Three high school student athletes in Connecticut have filed a complaint with the U.S. Department of Education's Office for Civil Rights (OCR), claiming that the state's policy on transgender athletes violates Title IX.
Office for Civil Rights Complaint Says Connecticut Violates Title IX
The lawsuit has been filed by the conservative Christian advocacy group Alliance Defending Freedom on behalf of three girls who compete in high school track. The lawsuit targets a statewide policy in Connecticut that was created by the Connecticut Interscholastic Athletic Conference (CIAC), the organization governing high school sports throughout the state.
That policy allows transgender athletes to compete in sports according to their expressed gender identity, rather than their assigned sex. The policy had been created to comply with a Connecticut anti-discrimination law that requires schools to treat students according to their expressed gender identity.
Sixteen other states have similar policies in place.
The three girls behind the lawsuit, however, claim that competing against transgender athletes has cost them top finishes in races and potentially even college scholarships in track and field. Two of the girls filing the lawsuit have not revealed their identities.
The lawsuit demands that the OCR review the CIAC's policy and deem it a violation of Title IX.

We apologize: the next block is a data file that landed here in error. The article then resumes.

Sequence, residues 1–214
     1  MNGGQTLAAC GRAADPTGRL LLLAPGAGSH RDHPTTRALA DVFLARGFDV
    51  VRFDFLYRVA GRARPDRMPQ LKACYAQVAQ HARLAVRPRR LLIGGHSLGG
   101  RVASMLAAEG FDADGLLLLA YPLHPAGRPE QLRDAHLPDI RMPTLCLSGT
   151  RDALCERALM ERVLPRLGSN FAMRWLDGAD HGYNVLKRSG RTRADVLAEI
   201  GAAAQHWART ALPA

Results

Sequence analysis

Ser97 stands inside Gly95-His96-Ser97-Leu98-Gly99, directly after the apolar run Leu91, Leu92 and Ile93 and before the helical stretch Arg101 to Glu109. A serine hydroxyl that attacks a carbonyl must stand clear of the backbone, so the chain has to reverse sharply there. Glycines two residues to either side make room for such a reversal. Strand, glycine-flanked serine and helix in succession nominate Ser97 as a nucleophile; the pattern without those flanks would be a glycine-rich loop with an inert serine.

Schools Between a Rock and a Hard Place
The lawsuit once again highlights an unfortunate aspect of Title IX law: Schools and educational organizations like the CIAC, here, are stuck between two sides of a dispute. No matter what they do, they are going to get sued.
In this case, if the CIAC refused to let the transgender runners compete in the women's class according to their gender identity, the transgender runners would have sued and claimed the decision violated state law. Because the CIAC allowed them to run in the women's division, they are being sued by other runners.
Federal Versus State Law
Whenever state law contradicts federal law, federal law is supposed to reign supreme. This is the Supremacy Clause in the U.S. Constitution, at Article VI, Clause 2. Even if the federal rule is just a regulation, like the mandates behind Title IX, it is supposed to trump state laws that run against it.
However, for the Supremacy Clause to apply, the state law truly has to contradict a federal one. Because the legal meaning of words like “sex” and “gender” are still in dispute when it comes to people who are transgender, it is unlikely that the resolution is going to be so simple.
Title IX Defense Lawyer Joseph D. Lento
Joseph D. Lento is a Title IX defense lawyer and a national Title IX advisor. If you have been accused of violating Title IX, attorney Lento can be a valuable ally. With his understanding of the tricky and often uncertain Title IX system, as well as strong advocacy and courtroom skills, attorney Lento can help you preserve your future by invoking your rights. Contact him online or call his law office at (888) 535-3686 to get started on your defense today.